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Ball Don't Lie

Does Phil Jackson want to coach the Los Angeles Lakers? Who knows? Wouldn’t you want to?

Kelly Dwyer
Ball Don't Lie

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Phil Jackson thoughtfully considers a query (Getty Images)

Would Phil Jackson love a chance to coach the Los Angeles Lakers again? Probably, under certain circumstances. Maybe for home games, only. Maybe starting after St. Patrick's Day. Only if Dwight Howard promises to stop acting like that. Perhaps if Steve Nash agrees to lose the side part. Possibly not at all.

And definitely not because of the interview he gave an ESPN radio affiliate in Chicago last week, smartly discussing what Lakers coach Mike Brown is going through and anticipating as he readies himself to coach a championship contender featuring all sorts of characters, talents, possible clashing elements and definite Hall of Famers. Phil was tactful and considerate and did absolutely nothing to dismiss Brown's work in any way. That's not the point of this column.

First, let's look at Jackson's recent Laker take, from Mark Medina's recount of Phil's interview as posted on the Los Angeles Times' website:

"It's finding a role that each player can move towards and be comfortable in," Jackson said. "I think that's how you want to feel. You want Steve to have the ability to have the ball with confidence that he is doing the right thing and feeling like he can run the team and getting the ball to Kobe in critical situations is important because that's what his best role is standing out in the moments of crisis or the moments that are critical. And the inclusion that you have to have to make Howard feel a part of it. So all those guys have to find a little role. "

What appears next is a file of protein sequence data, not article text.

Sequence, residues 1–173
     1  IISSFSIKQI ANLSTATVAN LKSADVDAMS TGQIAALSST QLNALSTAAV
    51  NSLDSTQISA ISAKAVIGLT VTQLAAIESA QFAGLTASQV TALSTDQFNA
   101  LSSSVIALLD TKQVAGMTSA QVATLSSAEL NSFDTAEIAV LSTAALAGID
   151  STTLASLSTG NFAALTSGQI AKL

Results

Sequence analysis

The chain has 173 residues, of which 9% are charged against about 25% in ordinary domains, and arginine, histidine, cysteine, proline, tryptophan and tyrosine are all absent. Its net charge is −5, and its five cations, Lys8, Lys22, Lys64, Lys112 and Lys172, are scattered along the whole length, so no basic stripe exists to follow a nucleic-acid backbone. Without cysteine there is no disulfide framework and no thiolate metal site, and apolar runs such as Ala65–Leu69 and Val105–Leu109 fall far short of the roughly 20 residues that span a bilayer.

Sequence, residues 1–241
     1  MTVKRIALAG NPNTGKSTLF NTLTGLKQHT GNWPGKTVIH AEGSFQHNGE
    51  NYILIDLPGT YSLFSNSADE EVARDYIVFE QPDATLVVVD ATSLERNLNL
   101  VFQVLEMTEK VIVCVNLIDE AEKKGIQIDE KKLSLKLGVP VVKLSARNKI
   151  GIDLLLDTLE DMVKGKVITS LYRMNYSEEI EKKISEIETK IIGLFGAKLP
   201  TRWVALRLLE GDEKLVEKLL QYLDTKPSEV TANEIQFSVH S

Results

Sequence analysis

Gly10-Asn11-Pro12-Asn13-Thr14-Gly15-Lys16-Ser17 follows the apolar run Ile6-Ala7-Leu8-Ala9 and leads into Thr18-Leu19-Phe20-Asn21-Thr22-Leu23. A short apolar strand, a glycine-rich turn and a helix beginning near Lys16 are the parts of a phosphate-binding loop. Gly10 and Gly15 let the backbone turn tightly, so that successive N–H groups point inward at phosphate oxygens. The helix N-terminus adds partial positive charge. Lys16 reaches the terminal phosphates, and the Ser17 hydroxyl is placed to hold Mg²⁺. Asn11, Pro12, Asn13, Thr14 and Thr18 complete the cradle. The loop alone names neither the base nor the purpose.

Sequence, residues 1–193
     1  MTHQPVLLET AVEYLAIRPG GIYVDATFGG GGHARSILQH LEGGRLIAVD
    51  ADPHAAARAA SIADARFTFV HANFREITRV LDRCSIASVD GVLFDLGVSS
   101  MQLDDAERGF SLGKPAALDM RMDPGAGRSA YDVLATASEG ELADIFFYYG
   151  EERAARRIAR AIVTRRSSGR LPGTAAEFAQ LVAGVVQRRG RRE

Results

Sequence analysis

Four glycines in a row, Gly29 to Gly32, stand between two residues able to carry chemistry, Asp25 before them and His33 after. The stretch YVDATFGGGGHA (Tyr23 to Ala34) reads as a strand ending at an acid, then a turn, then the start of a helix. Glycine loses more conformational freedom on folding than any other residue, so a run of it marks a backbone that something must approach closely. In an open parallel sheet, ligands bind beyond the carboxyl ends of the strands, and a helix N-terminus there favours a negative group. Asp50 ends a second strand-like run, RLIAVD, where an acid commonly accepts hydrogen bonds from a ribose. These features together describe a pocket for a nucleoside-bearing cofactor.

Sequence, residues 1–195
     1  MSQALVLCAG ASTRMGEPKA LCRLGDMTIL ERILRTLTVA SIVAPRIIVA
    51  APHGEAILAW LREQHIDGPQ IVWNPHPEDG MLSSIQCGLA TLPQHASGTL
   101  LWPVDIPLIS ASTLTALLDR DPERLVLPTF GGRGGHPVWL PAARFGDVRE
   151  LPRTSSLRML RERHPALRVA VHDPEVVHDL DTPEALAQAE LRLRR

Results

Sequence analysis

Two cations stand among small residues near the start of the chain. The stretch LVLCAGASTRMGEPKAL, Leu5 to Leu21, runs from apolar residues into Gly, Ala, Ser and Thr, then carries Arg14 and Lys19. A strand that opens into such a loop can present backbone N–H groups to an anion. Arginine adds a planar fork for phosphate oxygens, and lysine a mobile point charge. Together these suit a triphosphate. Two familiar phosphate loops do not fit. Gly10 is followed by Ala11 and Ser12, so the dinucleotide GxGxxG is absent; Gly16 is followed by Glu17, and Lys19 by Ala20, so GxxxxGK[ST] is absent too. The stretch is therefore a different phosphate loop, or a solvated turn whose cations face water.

Jackson took particularly aim at how Pau Gasol will fit in Brown's revamped system that will include elements of the Princeton offense.

"Pau Gasol can fit any of those roles, so he doesn't have any trouble fitting that role," Jackson said. "He's not identified with just scoring, so he'll be all right, whatever they try to run. I think that is going to be the key."

Though Phil's comments were accurate, as you'd expect, he stuck with the unspoken coach's credo and didn't delve into specific elements while discussing another coach's team. The generalities were spot on, but there was absolutely nothing in this on-record statement that shows Phil's hand.

Still, it was enough for the media member that likely knows Jackson best — author Roland Lazenby — to see right through him. There was nothing in this interview that was set up as a way to make dominos fall in Jackson's favor sometime down the line, but that doesn't mean Phil Jackson wouldn't give his left mustache for a chance to coach a team featuring Dwight Howard, Kobe Bryant, Pau Gasol and Steve Nash.

[Related: Steve Nash bonds quickly with Kobe Bryant in Lakers debut]

From Roland's Twitter account:

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(Courtesy twitter.com/lazenby)

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(Courtesy twitter.com/lazenby)

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(Courtesy twitter.com/lazenby)